East Asia Theater

Hong Kong: pro-democracy activists sentenced

Ten veteran Hong Kong pro-democracy activists—all aged 60 or older—were sentenced on April 16 for participating in two unpermitted demonstrations, both in August 2019. They include Martin Lee, 82, hailed as Hong Kong's "Father of Democracy," and former lawmaker Margaret Ng, 73, who both received suspended sentences. Newspaper publisher Jimmy Lai, 72, will have to serve 14 months in prison. Also receiving between eight and 18 months were Lee Cheuk-yan, Leung Yiu-chung, Cyd Ho Sau-lan, Albert Ho Chun-yan, Yeung SumAu Nok-Hin and Leung Kwok-hung. The sentences fell short of the maximum of five years  the defendants had faced. But Amnesty International's Asia-Pacific regional director Yamini Mishra said: "The wrongful prosecution, conviction and sentencing of these 10 activists underlines the Hong Kong government's intention to eliminate all political opposition in the city." (BBC News, NYT, Al Jazeera, Amnesty International)

Hong Kong: pro-democracy activists found guilty

A Hong Kong court on April 1 found seven prominent democracy activists guilty of unauthorized assembly for their involvement in a 2019 peaceful anti-government protest. The defendants, all 60 years or older, include media figure Jimmy Lai and veteran Democratic Party lawmaker Martin Lee, hailed as Hong Kong's "Father of Democracy." Also appearing in the West Kowloon Magistrates' Court were former Labour Party lawmakers Lee Cheuk-yan and Cyd Ho, former League of Social Democrats lawmaker "Longair" Leung Kwok-hung, former Civic Party lawmaker Margaret Ng, and former Democratic Party chair Albert Ho. "Shame on political prosecution! Peaceful demonstration is not a crime!" Leung Kwok-hung shouted from dock after the conviction was delivered.

China: rights defender detained in 'quarantine'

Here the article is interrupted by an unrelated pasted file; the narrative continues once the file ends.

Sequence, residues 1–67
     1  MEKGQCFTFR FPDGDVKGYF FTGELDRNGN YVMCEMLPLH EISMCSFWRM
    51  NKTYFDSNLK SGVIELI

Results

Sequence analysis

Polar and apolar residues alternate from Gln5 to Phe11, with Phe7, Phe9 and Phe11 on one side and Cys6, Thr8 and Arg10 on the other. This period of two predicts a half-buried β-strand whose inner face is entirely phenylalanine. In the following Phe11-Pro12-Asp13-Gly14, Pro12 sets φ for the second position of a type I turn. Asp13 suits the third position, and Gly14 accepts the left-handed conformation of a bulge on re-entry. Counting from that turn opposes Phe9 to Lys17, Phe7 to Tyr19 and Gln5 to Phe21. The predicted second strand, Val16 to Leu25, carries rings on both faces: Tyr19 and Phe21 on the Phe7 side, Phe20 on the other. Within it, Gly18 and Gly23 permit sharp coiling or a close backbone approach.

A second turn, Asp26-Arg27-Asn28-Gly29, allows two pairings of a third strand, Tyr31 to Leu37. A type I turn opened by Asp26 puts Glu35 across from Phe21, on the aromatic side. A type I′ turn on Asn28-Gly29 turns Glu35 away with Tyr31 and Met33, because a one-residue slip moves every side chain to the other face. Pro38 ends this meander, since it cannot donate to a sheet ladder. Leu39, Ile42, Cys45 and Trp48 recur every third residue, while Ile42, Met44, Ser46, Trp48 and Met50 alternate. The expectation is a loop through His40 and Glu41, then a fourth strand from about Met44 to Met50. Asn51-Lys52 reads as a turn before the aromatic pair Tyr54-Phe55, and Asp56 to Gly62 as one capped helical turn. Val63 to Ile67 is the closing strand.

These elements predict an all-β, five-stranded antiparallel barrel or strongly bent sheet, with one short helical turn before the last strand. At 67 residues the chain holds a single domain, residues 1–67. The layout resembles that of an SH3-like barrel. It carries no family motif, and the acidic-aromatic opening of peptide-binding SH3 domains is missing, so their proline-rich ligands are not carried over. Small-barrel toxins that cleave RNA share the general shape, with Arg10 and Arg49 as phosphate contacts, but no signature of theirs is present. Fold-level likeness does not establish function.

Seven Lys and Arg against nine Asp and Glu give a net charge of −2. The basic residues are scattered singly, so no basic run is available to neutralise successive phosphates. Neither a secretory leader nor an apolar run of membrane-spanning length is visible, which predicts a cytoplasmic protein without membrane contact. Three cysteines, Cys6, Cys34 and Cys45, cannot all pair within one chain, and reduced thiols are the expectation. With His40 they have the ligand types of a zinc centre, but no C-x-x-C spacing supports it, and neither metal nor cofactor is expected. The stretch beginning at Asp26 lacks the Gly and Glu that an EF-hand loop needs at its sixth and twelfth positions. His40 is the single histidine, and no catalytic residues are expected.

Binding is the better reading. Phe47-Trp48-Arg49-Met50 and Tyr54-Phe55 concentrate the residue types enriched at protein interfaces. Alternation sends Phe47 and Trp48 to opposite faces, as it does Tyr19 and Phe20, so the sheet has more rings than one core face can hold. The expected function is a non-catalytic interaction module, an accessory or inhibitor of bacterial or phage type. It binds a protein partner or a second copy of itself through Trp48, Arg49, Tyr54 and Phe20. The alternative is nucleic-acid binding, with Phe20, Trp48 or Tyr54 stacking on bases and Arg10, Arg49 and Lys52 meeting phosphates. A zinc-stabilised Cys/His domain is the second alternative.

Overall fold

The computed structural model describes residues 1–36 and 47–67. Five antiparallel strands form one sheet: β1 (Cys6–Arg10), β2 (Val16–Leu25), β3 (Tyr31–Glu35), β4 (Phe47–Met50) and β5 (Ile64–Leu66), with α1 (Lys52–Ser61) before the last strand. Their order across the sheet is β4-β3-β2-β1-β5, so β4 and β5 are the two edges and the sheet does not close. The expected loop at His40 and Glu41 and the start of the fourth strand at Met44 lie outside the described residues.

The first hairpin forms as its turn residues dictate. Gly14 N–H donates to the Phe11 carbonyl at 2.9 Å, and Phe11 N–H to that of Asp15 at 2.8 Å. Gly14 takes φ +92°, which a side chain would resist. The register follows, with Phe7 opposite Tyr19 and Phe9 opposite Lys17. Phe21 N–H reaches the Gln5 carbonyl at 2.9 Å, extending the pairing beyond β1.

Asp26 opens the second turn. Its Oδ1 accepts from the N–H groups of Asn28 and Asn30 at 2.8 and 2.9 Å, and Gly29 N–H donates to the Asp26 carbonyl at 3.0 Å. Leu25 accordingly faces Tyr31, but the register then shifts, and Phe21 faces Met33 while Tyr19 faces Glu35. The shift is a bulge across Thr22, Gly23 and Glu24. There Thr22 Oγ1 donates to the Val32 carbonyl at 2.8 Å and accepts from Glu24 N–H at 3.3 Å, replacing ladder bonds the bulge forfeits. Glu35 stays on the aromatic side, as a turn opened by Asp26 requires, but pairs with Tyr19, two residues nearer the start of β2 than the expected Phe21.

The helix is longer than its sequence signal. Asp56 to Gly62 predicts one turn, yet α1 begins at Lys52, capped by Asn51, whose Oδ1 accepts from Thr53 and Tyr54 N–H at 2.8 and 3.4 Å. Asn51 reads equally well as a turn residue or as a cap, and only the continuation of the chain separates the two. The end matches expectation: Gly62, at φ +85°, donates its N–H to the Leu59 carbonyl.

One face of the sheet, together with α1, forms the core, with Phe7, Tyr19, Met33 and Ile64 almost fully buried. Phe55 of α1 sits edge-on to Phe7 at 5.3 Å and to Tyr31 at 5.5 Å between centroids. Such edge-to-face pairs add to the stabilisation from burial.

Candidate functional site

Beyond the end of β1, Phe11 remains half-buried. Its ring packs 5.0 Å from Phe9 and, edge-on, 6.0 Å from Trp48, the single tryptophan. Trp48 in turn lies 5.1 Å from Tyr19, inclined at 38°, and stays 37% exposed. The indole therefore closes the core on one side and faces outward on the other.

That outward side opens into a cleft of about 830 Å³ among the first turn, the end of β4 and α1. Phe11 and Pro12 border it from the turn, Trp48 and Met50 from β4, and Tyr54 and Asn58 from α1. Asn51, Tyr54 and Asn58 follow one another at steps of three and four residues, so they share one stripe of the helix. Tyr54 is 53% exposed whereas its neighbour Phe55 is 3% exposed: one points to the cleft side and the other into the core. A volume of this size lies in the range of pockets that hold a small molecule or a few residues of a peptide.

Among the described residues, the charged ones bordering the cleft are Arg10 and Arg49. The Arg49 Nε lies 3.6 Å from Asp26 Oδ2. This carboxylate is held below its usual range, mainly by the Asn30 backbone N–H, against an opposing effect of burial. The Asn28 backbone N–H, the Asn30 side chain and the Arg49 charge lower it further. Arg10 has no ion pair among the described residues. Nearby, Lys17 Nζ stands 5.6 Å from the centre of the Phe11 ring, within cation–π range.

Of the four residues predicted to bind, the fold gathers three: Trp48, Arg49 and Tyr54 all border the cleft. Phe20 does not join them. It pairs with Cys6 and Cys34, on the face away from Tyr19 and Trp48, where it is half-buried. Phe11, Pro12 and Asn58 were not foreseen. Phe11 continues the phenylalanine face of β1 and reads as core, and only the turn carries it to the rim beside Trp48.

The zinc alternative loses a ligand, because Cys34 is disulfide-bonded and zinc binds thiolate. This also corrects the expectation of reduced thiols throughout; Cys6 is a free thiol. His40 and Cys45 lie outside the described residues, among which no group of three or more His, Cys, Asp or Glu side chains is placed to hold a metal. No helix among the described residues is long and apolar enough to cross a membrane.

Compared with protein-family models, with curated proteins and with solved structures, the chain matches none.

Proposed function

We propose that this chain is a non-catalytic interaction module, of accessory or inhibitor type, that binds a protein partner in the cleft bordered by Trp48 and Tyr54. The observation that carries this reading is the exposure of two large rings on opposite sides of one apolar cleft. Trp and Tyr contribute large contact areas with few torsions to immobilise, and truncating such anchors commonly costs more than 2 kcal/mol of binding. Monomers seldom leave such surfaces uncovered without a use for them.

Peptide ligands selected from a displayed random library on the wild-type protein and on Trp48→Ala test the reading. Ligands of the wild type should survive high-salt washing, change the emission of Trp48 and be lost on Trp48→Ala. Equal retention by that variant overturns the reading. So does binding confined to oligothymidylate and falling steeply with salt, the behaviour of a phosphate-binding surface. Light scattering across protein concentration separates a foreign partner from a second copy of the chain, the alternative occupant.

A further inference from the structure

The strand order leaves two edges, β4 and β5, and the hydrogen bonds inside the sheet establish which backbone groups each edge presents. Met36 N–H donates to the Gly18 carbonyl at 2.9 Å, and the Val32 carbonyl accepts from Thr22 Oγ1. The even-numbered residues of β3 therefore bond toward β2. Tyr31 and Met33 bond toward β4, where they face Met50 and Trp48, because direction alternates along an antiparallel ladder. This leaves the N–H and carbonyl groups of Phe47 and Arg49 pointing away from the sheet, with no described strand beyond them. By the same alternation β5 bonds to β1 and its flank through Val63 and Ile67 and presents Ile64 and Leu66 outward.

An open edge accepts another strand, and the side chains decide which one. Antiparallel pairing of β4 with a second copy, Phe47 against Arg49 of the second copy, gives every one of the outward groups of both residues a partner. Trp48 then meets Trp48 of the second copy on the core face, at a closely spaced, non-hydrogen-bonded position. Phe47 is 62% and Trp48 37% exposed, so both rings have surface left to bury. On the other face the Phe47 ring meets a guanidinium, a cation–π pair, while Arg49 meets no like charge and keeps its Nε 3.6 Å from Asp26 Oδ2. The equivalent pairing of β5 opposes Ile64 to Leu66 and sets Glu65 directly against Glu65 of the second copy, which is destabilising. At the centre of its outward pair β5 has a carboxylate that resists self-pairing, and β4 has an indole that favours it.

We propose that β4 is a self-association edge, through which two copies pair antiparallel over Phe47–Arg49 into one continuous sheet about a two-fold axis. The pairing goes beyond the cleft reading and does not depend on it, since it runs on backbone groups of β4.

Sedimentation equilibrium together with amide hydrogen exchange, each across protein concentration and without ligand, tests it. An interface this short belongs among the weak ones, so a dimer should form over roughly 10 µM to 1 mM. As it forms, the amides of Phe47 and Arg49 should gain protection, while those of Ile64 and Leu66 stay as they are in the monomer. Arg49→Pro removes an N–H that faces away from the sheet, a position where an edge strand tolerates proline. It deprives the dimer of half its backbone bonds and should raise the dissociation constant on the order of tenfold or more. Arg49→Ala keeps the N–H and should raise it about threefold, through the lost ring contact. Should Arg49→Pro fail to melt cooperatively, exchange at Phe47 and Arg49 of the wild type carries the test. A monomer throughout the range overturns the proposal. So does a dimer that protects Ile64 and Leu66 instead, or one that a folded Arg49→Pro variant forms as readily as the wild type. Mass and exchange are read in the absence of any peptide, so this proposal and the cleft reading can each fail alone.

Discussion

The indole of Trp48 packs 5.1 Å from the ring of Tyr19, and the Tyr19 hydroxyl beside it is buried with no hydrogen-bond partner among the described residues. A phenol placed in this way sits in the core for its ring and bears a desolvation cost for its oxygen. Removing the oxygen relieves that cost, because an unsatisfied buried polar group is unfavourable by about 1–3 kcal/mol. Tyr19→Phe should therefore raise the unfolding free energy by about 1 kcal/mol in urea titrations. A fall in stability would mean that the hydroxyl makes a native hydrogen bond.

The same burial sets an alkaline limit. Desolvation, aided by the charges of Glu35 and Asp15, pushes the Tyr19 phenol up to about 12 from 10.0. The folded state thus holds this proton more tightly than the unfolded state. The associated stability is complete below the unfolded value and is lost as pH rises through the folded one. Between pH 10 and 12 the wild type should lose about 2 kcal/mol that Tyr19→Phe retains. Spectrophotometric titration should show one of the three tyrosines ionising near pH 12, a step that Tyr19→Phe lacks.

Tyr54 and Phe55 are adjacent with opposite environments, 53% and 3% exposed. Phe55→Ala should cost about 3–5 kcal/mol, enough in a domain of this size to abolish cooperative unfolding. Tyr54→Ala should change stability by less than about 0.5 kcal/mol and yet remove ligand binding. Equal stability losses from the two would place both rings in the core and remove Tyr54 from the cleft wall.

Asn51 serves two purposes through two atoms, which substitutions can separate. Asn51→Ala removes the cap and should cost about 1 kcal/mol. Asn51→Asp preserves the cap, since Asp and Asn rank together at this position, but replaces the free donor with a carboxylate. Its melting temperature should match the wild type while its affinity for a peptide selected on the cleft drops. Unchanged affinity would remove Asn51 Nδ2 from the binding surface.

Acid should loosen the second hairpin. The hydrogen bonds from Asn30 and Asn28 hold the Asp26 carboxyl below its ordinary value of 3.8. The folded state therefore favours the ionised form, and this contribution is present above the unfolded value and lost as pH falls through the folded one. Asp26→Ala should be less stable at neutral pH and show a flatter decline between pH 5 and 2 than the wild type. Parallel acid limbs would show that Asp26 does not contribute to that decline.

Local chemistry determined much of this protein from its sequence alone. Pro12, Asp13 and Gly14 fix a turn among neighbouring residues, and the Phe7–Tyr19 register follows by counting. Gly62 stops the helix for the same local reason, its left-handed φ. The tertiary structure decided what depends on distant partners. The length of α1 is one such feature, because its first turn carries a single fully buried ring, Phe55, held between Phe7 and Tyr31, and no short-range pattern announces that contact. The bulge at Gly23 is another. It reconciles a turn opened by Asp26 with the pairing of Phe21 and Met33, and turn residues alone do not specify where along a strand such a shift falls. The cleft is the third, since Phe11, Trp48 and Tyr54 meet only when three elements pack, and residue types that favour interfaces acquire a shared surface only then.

Li Qiaochu, a feminist, labor researcher, and human rights defender who has especially advocated for the rights of migrant workers in China, is being held incommunicado following her arrest for "subversion of state power." Li was detained Feb. 6 in Beijing, where she lives, and taken to Linyi city in Shandong province, where her partner and fellow human rights defender Xu Zhiyong is also detained and facing the same charge. Li's detention follows her disclosure of Xu's torture and mistreatment in detention. On Feb. 19, Li's lawyer formally requested that the Linyi Municipal Public Security Bureau grant access to her, and was told she is being held in quarantine at a local hospital. She is apparently to be transferred to the Linyi Municipal Detention Center once the quarantine is completed.

Taiwan & Puerto Rico: forbidden symmetry

In Episode 63 of the CounterVortex podcast, Bill Weinberg draws a parallel between the self-determination struggles in Taiwan and Puerto Rico. Each is an island nation in the "backyard" of a great imperial power, struggling for its independence. Taiwan is de facto independent from China, with a movement to make it official. Puerto Rico is a de facto colony (officially "unincorporated territory") of the United States, with a movement for independence. Taiwan is being particularly threatened at this moment by the imperial power that covets it; Puerto Rico particularly fucked over at this moment by the imperial power that controls it. Yet the emergence of Taiwan-Puerto Rico solidarity is held back by the fact that their respective imperial metropoles are rivals on the geopolitical chassboard—another illustration of how a global divide-and-rule racket is the essence of the state system.